IT IS A CONCEPTUAL QUESTION > plz answer in detail
if(i==1) compares the value held by variable i with the value 1, the statement is true if i indeed is equal to 1, else the statement is false. Whereas the expression “if(i&1)” does a logical “AND” operation with i and 1(2^0). We know that logical “and” evaluates to true if both the operands turn out to be true. Here one operand is “1” and the other is i. If i is not zero then the expression (i&1) evaluates to be true. If i is zero then the expression evaluates to be false.

The statement “i==1” evaluates to true if and only if the value of the variable “i” is equal to “1”.

The statement “i&1” evaluates to true if and only if the “last bit in the binary form the variable ‘i’ is equal to ‘1’” i.e., “i” is an odd number. This is because the binary form of “1” is 000…001 and let us assume that “i” has n bits and the binary form of the number “i” be “a1a2a3…an”. As the (n1) most siginificant bits of “1” are '0’s the bitwise “AND” would return 0’s in all those positions and now we have two cases for the least significant bit.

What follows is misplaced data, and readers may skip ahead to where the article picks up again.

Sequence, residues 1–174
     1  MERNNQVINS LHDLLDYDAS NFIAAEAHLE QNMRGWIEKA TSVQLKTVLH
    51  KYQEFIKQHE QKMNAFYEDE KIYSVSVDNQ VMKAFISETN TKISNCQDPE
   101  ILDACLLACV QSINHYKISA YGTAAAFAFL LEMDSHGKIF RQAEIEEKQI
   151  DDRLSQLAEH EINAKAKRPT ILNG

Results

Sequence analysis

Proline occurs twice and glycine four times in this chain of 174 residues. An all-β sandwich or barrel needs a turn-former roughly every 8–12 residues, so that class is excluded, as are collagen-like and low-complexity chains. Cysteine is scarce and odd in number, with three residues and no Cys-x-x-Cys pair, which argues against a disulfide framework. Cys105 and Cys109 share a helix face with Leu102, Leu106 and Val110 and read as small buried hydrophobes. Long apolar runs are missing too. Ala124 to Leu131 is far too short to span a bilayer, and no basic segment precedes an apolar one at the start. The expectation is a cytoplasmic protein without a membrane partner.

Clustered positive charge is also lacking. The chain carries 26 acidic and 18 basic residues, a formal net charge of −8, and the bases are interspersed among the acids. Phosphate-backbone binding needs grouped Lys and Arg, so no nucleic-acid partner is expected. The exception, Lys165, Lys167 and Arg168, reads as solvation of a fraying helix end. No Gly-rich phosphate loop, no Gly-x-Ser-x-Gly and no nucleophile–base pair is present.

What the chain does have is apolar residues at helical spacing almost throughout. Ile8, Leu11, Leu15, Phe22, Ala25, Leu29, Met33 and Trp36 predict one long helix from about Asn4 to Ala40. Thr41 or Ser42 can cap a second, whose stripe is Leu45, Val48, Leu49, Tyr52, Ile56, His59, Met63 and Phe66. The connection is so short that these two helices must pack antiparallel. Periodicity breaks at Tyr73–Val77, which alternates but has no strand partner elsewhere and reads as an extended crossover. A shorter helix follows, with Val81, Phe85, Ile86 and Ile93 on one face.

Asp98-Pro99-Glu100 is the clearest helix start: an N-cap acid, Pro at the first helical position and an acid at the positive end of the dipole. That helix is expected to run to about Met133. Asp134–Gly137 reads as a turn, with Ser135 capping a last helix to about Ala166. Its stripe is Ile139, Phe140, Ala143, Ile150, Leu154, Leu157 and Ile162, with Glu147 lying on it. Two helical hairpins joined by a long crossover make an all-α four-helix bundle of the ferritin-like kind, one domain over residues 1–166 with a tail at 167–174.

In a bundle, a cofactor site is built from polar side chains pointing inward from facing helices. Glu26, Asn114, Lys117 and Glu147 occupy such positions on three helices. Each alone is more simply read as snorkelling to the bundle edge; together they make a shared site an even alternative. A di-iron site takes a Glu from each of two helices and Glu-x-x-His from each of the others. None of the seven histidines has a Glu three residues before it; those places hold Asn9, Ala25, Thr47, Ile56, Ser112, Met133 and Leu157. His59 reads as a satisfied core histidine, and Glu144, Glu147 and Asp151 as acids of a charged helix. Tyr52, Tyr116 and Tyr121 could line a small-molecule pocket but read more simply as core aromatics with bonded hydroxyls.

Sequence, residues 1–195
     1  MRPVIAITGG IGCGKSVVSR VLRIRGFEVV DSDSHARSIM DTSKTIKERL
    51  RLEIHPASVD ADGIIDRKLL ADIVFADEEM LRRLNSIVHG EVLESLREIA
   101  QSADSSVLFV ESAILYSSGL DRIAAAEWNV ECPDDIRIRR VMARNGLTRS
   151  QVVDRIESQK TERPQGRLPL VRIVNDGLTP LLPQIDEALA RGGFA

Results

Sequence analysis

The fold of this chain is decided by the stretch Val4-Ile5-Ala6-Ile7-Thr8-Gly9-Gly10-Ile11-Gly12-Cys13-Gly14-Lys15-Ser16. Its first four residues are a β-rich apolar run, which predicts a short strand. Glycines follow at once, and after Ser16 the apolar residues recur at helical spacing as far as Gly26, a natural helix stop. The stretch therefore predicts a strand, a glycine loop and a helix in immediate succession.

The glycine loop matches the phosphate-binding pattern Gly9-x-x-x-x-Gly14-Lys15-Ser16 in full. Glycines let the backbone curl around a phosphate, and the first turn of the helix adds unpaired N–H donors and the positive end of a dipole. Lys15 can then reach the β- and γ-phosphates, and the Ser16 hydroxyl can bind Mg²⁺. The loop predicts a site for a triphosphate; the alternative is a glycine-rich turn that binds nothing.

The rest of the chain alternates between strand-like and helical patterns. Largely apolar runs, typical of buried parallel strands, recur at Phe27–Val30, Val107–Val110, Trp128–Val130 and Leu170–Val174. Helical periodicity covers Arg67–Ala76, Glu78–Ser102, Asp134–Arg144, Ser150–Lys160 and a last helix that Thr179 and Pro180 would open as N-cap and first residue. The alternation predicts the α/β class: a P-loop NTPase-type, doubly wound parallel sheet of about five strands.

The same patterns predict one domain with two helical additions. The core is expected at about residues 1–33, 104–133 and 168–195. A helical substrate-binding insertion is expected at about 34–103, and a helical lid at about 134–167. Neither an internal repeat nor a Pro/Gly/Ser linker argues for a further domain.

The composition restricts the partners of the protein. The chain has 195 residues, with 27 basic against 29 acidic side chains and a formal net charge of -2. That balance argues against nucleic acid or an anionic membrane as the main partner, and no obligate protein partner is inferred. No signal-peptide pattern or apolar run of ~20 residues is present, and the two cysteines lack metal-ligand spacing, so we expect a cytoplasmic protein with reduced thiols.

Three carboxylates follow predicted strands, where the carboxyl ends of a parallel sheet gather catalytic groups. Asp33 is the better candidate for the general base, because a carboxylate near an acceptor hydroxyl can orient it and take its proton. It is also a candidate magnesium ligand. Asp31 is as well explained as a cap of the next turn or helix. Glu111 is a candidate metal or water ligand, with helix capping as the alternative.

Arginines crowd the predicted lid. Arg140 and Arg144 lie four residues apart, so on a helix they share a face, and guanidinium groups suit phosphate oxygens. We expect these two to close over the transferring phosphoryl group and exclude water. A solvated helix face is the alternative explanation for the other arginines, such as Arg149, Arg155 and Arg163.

CASE 1: LSB = 0. IF LSB(i) == 0 then the bitwise “AND” would return 0 even in the last bit and hence the statement evaluates to “false”.
CASE 2: LSB = 1. IF LSB(i) == 1 then the bitwise “AND” would return 1 in the last bit and hence the statement evaluates to “true”.
Simply, the statement “i&1” evaluates to “true” if “i” is and odd number else it returns “false”.
Thank you.
I am sorry, your explanation for the second statement is wrong. It will return truw only if the integer “i” is an odd number, otherwise it’ll return false.
Thank you.
& is bitwise AND not logical AND.

i == 1 is true if value of i is 1

i&1 is true if i is odd, since this involves bit operation, it is slightly faster than i%2==1 checking, although you might not notice any time difference in submissions using one in the place of another.
The most used bit operation are

<< (left shift): where the multiplier is in the powers of 2. Example 16 * 8 is equivalent to 16 << 3 (as 8 = 2^{3})

(right shift): where the divisor is in the powers of 2. Example 16 / 8 is equivalent to 16 >> 3
If you are required to find a floor value after multiplication/division where the multiplier/divisor is in the powers of 2. Using the above approach you directly get the desired value, no need to use the floor() function then casting it with int to get the result after using the multiplication/division operator